Movie Review
Monster poster
By Lee Tistaert     Published January 2, 2004
US Release: December 26, 2003

Directed by: Patty Jenkins
Starring: Charlize Theron , Christina Ricci

Running Time: 110 minutes
Domestic Box Office: $34,468,224
What sort of holds the film together through the ugliness of the story and the rather bland style of {director} Jenkins? presentation is {Charlize} Theron.
There are only a few reasons I can recommend Monster to a filmgoer, and one of them is to see Charlize Theron in what might end up being the highlight performance of her career. That factor happens to the biggest purpose the film has wrapped up; besides that note, the movie really doesn?t have much to offer.

The film is a character study that doesn?t really study its character; the experience is literally equivalent to taking a visit to a lower-class neighborhood, stepping inside a family?s corridors, and witnessing whatever potential hell that may result from a bickering family. We watch our anti-hero in her struggle of achieving purpose, yet with her crazed and unnatural behavior, and unnecessary language use, it can be very much of a struggle to accept her, let alone root for her.

For a good portion of the movie, I found myself asking writer/director Patty Jenkins why exactly I was supposed to invest compassion for the main character. Despite appearing to be in good intentions at first sight, the persona is an unpleasant, crazy woman who needs a lot of help to regain mental stability, which may or may not even be possible with her current state of mind.

This is a film where storytelling could be the key to success, as well as the director?s style of presentation. Unfortunately, the storytelling is rather lazy, never establishing much insight beyond generalities of our primary character that we could probably just assume for ourselves without even having to be told. Visually, Jenkins tells the story rather ordinarily and rarely introduces tension or intrigue, with simple and rather boring set pieces with characters engaging in simple dialogue. Dialogue in simple situations can be captivating, but there is no such term in this film?s vocabulary; characters will talk, but not often about anything fascinating or worth our attention.

Based on a true story, Monster tells the life of Aileen Wuornos, played to utter perfection by Charlize Theron. As a prostitute carrying a depressing history, her ugly past and likely hopeless future never fades from her mind, causing sudden explosions of anger, murdering her customers as a result. Discovering a new best friend on the road (Selby, played by Christina Ricci), the two attempt to make a life out of their possible lesbian relationship and criminal debacles that come into way. Selby is not involved in Aileen?s destructive path, but she is likely the only thing keeping Aileen from total insanity if not committing suicide.

Having first seen the trailer for Monster and failing to realize until the end that Charlize Theron was even in the movie, I do have to give the film tremendous props for not only her commanding performance, but making Theron almost unrecognizable in this unattractive role. However, that component is unfortunately one of the few bright points the production has going for it.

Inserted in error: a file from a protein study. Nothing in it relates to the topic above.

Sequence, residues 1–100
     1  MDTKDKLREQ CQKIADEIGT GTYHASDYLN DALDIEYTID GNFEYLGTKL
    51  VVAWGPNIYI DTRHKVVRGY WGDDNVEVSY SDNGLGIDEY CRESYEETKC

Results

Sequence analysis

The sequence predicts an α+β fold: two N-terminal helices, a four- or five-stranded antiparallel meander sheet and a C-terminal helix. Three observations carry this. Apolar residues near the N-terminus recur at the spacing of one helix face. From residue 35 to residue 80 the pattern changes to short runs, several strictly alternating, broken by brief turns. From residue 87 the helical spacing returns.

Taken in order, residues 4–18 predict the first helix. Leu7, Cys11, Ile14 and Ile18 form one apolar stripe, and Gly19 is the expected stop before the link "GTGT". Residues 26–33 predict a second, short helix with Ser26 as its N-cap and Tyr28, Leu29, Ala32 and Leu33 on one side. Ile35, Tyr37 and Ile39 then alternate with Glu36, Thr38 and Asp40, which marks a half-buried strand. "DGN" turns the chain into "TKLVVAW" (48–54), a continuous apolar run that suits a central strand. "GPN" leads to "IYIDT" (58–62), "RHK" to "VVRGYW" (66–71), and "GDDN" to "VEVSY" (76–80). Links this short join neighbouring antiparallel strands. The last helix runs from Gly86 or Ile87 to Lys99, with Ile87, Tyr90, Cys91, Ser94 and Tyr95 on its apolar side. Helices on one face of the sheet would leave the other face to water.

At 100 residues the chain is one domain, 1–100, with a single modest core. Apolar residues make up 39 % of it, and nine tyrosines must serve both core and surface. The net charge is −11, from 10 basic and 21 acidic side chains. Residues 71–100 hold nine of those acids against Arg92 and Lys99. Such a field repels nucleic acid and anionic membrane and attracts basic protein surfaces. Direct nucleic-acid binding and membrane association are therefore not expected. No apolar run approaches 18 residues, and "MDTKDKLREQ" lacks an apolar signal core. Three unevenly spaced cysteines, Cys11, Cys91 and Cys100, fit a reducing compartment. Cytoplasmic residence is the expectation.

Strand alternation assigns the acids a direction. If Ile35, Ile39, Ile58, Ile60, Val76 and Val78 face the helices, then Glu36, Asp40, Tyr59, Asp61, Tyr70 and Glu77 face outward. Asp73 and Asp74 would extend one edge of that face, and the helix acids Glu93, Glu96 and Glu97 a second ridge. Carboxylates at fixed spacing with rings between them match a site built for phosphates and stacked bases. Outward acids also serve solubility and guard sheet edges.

Story wise, the film only had me caring at a few small, distinct spots that didn?t last long. And even so, my compassion was only in the hearts of the unfortunate customers involved and the innocent bystanders whom were intertwined in the violent but not lethal outbursts. The acting by Aileen?s last victim hit me pretty hard with the scene?s terrifying realism, but was one of the few occasions where I truly felt impacted by the events that unfolded.

There was never a point when I cared about Aileen (and we never truly understand her), but I did have greater empathy for Selby?s situation nearing the end (and did feel that Ricci?s performance in Anything Else was better, as I didn?t really see her use here). What sort of holds the film together through the ugliness of the story and the rather bland style of Jenkins? presentation is Theron. Between the excellent makeup job making the actress look like total white trash, along with the extra weight she was likely to have put on for the role, Theron couldn?t look any more the part (and her aggressive, physical performance aids in the astonishing delivery).

This is a movie where a single performance can be the reason for attending (with the performance also mirroring Hayden Christensen?s surprise talent in Shattered Glass, except that movie is quite a bit better). Albeit that element, the film is mediocre, making Monster a mixed bag in general. But since I did make it through the whole film without a lot of whining (due to Theron?s delivery), I?m going to give it a reasonable and yes, recommending rating status.

Because Charlize Theron has never been known for a role of this caliber (and with the occasion baring a chance of being a solo accomplishment for the actress?s career), I?m going to reward the film with the points accordingly, but you have been warned.
Lee's Grade: B-
Lee's Overall Grading: 3025 graded movies
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'Monster' Articles
  • Stephen's review B
    February 22, 2004    Monster inspired opinions from me, which is a quality I always admire in films of all types, and I can?t say that I wasn?t invested in it the entire way through. -- Stephen Lucas